20 US States Sue Mylan (NASDAQ:MYL), Teva, and Other Drug Companies

As many as 20 states in the US have filed a lawsuit against 6 generic drug manufacturers, saying they have conspired to price a couple of common generic medicines. The businesses that are facing the brunt include Mylan Inc (NASDAQ:MYL) of Pennsylvania, Teva Pharmaceuticals, Citron Pharma, Heritage, and Aurobindo Pharma (NSE:AUROPHARMA) of India.

According to the allegation, these drug makers had increased the price of the generic versions of the diabetes medicine glyburide and antibiotic doxycycline hyclate together. Mylan has already denied the charge saying, “To date, we know of no evidence that Mylan participated in price fixing”.

Heritage Pharmaceuticals is the “Ring Leader”

In the lawsuit that has been filed in the U.S. District Court for the District of Connecticut on Thursday, Heritage Pharmaceuticals has been named as the “ring leader”, which is sure to be damaging for the business.

The lawsuit further states that the top executives of these businesses along with the sales executives hiked the prices by setting it higher or allocating markets. The states added that these executives knew what was happening and that it was illegal, and yet took no action to prevent this. In fact, they even deleted emails and avoided written communications, proving they played an active part in this.

Reacting to this news, Heritage said former executives working with the company were responsible for this, and they have already been removed. So in effect, the drug maker is accepting the claims of these 20 American states. Denise Bradley, the spokeswoman of Teva said they have just received the information and will react after reviewing it.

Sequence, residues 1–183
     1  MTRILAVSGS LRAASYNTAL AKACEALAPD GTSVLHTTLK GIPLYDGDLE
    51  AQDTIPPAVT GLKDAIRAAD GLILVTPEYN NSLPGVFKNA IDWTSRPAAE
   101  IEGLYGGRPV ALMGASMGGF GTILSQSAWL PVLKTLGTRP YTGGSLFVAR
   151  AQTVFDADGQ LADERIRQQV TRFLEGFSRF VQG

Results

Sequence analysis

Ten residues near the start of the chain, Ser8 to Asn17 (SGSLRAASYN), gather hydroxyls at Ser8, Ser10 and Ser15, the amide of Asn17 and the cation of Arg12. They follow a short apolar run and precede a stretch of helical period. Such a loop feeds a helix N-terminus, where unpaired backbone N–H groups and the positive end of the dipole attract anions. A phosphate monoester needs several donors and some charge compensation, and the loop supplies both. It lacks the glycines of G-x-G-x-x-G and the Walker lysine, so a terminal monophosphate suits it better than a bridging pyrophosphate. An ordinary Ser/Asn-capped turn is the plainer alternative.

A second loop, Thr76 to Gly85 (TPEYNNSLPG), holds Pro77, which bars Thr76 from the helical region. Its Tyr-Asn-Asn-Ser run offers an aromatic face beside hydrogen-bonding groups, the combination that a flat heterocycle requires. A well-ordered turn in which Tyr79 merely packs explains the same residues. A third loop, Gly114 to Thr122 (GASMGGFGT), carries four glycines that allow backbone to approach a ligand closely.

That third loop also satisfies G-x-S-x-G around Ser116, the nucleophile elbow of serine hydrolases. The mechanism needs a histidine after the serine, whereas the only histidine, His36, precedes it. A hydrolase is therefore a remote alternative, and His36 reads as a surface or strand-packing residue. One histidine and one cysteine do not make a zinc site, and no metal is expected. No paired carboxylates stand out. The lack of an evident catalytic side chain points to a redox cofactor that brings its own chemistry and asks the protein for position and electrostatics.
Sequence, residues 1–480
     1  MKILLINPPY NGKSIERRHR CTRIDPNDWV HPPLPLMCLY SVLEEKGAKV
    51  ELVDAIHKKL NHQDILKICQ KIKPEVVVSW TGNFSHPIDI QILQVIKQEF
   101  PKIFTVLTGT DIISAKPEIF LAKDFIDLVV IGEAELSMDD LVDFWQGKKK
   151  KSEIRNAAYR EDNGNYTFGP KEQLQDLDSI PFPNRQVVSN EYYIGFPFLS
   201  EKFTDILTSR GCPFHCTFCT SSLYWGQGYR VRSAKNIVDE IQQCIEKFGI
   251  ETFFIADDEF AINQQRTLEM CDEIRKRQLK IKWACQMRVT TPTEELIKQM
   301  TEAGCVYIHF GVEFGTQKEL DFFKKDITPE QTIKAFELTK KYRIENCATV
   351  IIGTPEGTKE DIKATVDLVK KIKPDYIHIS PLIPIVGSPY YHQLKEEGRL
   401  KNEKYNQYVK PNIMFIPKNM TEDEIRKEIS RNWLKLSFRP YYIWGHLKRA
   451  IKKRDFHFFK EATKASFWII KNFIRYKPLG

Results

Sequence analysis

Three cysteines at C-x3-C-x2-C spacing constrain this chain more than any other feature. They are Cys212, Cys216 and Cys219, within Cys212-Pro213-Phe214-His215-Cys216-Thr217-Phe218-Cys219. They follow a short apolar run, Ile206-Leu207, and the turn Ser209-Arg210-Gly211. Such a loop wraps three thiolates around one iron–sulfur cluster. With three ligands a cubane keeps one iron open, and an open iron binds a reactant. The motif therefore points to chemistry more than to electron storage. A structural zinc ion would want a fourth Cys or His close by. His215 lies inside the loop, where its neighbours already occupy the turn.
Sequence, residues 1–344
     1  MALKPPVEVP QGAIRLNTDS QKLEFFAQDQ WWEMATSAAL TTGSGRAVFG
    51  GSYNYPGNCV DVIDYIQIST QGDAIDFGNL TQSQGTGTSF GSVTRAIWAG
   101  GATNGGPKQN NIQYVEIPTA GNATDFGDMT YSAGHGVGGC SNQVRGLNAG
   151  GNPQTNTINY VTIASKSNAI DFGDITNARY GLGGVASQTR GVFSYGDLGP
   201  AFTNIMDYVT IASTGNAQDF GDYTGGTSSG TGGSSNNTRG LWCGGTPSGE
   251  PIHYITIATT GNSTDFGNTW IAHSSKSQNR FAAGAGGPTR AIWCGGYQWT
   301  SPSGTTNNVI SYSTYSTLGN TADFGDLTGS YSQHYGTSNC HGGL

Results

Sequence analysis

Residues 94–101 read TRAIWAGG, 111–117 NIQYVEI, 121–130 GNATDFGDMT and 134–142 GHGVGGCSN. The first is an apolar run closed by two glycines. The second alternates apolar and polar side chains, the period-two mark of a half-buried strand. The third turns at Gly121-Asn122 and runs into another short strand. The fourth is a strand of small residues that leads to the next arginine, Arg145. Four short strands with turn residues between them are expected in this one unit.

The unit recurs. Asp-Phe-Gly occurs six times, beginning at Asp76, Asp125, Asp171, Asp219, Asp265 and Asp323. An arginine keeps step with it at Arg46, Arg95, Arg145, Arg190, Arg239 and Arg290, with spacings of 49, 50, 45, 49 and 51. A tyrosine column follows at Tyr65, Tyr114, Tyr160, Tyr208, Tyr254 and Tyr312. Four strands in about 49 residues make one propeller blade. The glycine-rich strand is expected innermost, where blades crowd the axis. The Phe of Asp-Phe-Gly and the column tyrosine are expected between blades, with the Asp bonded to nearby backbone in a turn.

Eric Schneiderman, the New York Attorney General said, “Companies that collude and fix prices for generic drugs in order to pad their profits must be held accountable for the very real harm they inflict on New Yorkers’ ability to pay for life-saving medications”.

The Investigation Is Ongoing

Attorneys of the states are not over yet with their investigations to find more instances of fixing generic drug prices, it was revealed. So there is a chance that more well-coordinated and broad schemes might soon be revealed, exposing other drug makers.

The states also say in their lawsuit that executives knew that the conduct was illegal and either deleted emails or made efforts to avoid communicating in writing.

The states that filed the complaint include Louisiana, Maine, Minnesota, Nevada, Kentucky, Maryland, Iowa, Kansas, Ohio, Pennsylvania, Idaho, Massachusetts, Delaware, Florida, Virginia, North Dakota, Hawaii, Washington, and New York. They were led by Connecticut.